Jump to content
  • Advertisement
Sign in to follow this  
Callidus

OpenGL ExtEscape CPU Time Consumption

This topic is 4218 days old which is more than the 365 day threshold we allow for new replies. Please post a new topic.

If you intended to correct an error in the post then please contact us.

Recommended Posts

Dear GameDev Community I am currently profiling my OpenGL engine on a Windows platform and what worries me is that a function called "ExtEscape" is the most time consuming with up to 18% CPU time. I do not call this function directly. Unfortunately, MSDN is not too specific about it. But looking at the call stack reveals that ExtEscape is for instance triggered by swapping buffers and vertex/index buffer updates. My questions are: 1) What does ExtEscape really do in the context of 3D graphics? 2) Is the observed time consumption normal behaviour? 3) What could I do to improve the situation? As always, I am grateful for your help. If you require more information, please don't hesitate to ask. Best regards Calli

Share this post


Link to post
Share on other sites
Advertisement
1.) I'm not too sure on the specifics here, but ExtEscape is likely to be querying whether the gfx hardware is still busy or until the frame is complete. As such, you shouldn't worry too much about it as it is not called directly by you, but rather by the run-time/driver. You can't really control that.
2.) Yes, waiting while buffers are swapped is a perfectly normal operation, but happens for a variety of reasons.
3.) Well there are several things, but you need to be sure what the actual situation is currently:

An 18% wait inside the driver/runtime can easily happen and it is a normal operation when:
1.) Cpu must wait for GPU in the case of accesses to locked resources currently being rendered.
2.) Stalls of the pipeline. Normally caused by reading back data from the gpu.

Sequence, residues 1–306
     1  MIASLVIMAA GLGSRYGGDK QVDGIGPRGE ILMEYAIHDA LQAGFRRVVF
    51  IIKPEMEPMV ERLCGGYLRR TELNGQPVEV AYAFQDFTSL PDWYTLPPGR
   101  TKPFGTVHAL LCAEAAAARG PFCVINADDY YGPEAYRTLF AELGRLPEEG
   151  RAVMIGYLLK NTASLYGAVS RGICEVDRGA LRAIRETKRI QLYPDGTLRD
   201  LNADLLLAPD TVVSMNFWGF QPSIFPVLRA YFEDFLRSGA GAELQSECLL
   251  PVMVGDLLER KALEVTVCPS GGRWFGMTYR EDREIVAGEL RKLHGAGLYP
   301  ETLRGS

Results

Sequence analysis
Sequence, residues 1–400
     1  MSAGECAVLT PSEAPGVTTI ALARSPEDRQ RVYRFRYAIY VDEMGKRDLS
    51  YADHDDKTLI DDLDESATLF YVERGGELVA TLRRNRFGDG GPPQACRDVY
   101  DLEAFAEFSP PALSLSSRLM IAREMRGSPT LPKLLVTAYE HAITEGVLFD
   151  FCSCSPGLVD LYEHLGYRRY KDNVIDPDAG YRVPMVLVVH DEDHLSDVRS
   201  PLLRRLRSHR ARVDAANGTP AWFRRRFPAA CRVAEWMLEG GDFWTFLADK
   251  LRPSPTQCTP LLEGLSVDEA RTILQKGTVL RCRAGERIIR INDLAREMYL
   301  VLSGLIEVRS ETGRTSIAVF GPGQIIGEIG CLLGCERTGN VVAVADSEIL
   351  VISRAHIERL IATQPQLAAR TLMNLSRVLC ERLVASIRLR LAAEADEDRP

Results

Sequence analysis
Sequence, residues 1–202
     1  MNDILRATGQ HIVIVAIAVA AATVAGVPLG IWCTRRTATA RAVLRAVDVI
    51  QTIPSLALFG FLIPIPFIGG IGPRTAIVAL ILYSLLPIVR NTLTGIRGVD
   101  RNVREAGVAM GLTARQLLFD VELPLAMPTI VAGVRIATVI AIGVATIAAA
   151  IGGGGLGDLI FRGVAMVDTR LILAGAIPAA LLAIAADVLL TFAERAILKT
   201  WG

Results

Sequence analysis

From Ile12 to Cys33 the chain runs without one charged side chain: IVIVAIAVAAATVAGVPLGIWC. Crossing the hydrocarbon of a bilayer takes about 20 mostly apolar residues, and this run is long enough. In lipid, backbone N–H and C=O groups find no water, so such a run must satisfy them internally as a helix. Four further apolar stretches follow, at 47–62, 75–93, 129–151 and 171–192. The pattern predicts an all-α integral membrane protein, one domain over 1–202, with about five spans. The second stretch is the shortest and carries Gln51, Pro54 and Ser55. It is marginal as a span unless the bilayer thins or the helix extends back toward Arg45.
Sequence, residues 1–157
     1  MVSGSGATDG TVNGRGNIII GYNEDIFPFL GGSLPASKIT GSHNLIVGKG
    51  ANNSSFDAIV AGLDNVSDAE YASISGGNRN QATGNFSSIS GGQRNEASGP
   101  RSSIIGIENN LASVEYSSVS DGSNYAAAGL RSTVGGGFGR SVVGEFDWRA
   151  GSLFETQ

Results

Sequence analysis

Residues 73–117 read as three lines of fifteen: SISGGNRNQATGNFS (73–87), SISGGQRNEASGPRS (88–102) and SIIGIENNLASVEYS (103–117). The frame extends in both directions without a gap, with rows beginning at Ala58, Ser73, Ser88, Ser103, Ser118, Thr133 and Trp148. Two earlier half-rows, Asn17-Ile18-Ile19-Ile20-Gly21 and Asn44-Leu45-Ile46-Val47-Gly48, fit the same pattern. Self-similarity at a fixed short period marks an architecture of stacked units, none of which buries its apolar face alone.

3.) Waiting for vsync (ie. both cpu & gpu have completed very quickly)
4.) Waiting for gpu to finish. If driver has already queued a maximum no. of frames for the gpu, your cpu may stall until the gpu has finished some of it's work.

My suspicion is that case 3 or 4 is happening for your app. If you're not doing anything gpu intensive at the points in question then I'd suggest case 3:
1.) vsync is enabled for your application.
2.) gpu and cpu operations are both completing in less than 1/60th of a second (or 1/30th or 1/20th, 1/15th etc...).
3.) therefore the driver/runtime waits in swapbuffers 18% of your frametime until the next vsync.

The golden rule here is that you should profile your application without vsync enabled. If you don't know how, you can do it either in the driver control panel (force it all off) or you can do it programmatically with wglSwapIntervalEXT(). See http://oss.sgi.com/projects/ogl-sample/registry/EXT/wgl_swap_control.txt for details on how to use this function/extension.

I hope something there helped.

Share this post


Link to post
Share on other sites
Sign in to follow this  

  • Advertisement
×

Important Information

By using GameDev.net, you agree to our community Guidelines, Terms of Use, and Privacy Policy.

We are the game development community.

Whether you are an indie, hobbyist, AAA developer, or just trying to learn, GameDev.net is the place for you to learn, share, and connect with the games industry. Learn more About Us or sign up!

Sign me up!